29 May 2019

Reality check: what can employers learn from recent news stories?


Alastair Vettese
Trainee Solicitor | UK

#WorkingWorld

TV bosses have had tough decisions to make in recent weeks as successful reality shows such as The Jeremy Kyle Show, Ex On The Beach and Love Island have come under scrutiny for the standard of care provided to participants both during and after filming. In their pursuit of ever higher ratings, producers have been forced to confront a reality of their own: that commercial success sometimes comes at an ethical price.

Many employers have to grapple with a similar dilemma when determining how best to incentivise profitability without rewarding bad behaviour. At a time when businesses are subject to increasing public scrutiny, and when a company’s environmental and social impact often plays an important role in employee and customer recruitment and retention, the importance of workplace culture cannot be underestimated.

So how can you promote positive behaviour within your workforce without curbing the ambition and creativity of your employees? Here are three ideas:

Embed cultural expectations within your recruitment practices

Communicating your expectations as an employer starts well before your employees arrive for their first day. Publishing a job specification which sets out required behaviours, and adopting a recruitment process which actively tests for them, will ensure that applicants understand the balance of your priorities even before they are appointed. Keep in mind also how important the induction period can be: new starters may not remember every detail of your sickness policy, or the names and faces of those responsible for handling grievances, but the first impressions they form of how seriously you value positive behaviour will endure – and might even have been one of the reasons they applied for the job in the first place.

Adopt a more nuanced bonus structure

Offering bonuses can be an effective way to incentivise employees and to reward the delivery of key targets. Often bonuses are linked to financial success, both because it is more straightforwardly quantifiable, and because the employer only pays when it has the money to do so. Consider whether you can take a more nuanced approach: for example, by linking a company-wide bonus to sustainability measures, or by using a wider range of factors to determine whether an employee has been successful in their role.

Redefining success is particularly likely to resonate with millennials. A recent Deloitte Global Millennial Survey found that the proportion of that group who believe that business ‘has a positive impact on wider society’ has fallen dramatically in the past two years. If you are seeking inspiration for a bonus system which matches modern expectations, you might find it in the growing use of peer-to-peer micro-bonuses, whereby staff are given a budget to reward the good practices of their colleagues. While any such system needs to be deployed with care to avoid creating a popularity contest among employees, the increasing use of the concept shows that there is at least an appetite for a different approach to employee recognition.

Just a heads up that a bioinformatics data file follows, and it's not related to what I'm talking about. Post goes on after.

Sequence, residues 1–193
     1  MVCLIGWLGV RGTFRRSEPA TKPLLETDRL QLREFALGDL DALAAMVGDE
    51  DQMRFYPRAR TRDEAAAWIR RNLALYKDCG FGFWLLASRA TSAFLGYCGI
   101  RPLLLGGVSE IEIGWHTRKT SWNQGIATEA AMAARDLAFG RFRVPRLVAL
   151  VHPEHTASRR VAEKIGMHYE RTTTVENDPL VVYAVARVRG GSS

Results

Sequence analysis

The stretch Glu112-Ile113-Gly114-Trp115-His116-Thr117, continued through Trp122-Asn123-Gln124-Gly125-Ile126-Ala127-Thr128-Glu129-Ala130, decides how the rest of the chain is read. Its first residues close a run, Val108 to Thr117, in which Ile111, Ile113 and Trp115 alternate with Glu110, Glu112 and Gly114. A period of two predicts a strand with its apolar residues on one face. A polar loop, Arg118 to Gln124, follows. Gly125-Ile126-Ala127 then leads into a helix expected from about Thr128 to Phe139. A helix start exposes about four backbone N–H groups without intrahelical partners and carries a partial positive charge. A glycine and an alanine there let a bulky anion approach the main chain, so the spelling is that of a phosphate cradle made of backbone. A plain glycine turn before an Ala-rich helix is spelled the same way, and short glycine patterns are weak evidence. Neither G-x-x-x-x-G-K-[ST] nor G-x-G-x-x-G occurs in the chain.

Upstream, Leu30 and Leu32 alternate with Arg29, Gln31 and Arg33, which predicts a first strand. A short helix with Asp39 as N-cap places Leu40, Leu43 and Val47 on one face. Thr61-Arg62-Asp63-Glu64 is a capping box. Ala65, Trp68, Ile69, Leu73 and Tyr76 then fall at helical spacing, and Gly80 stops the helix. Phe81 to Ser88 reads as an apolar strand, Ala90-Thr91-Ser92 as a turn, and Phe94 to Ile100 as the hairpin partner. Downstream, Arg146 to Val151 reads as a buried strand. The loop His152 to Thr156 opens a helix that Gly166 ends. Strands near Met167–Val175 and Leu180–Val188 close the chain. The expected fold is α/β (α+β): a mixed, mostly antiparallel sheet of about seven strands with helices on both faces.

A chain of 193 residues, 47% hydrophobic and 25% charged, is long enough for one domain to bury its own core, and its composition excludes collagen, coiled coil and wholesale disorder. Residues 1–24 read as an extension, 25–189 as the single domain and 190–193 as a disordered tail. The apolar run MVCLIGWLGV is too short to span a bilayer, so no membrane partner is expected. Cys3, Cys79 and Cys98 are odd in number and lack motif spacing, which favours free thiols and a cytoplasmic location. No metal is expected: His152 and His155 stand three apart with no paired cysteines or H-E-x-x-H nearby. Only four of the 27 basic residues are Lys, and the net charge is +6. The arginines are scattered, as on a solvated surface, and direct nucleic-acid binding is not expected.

Have a clear whistleblowing policy

English law protects workers from being dismissed or suffering detriment if they make a ‘protected disclosure’. This means a disclosure of information, made in the public interest, showing that one of a number of specific forms of wrongdoing is being, has been or is likely to be committed. Whilst the legislation is designed to protect your staff, you also stand to benefit: the legislation promotes the swift and effective identification of serious workplace issues.

Despite this, it was reported in The Times last week that one in three companies does not have a proper whistleblowing policy in place. Many employees are reluctant to report their concerns about negative workplace behaviours unless they can be sure of a fair, sensitive and confidential hearing, and they may also be unaware of the extent of their legal protection or confident that they can rely on it.

Having a clear policy in place to deal with whistleblowing situations will not only make your staff more likely to come forward and help your company to monitor the health of its workplace culture; it will also send a strong message that you are serious about your responsibilities to your employees and to society more widely.

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Alastair Vettese Trainee Solicitor | London

Category: Article

#WorkingWorld

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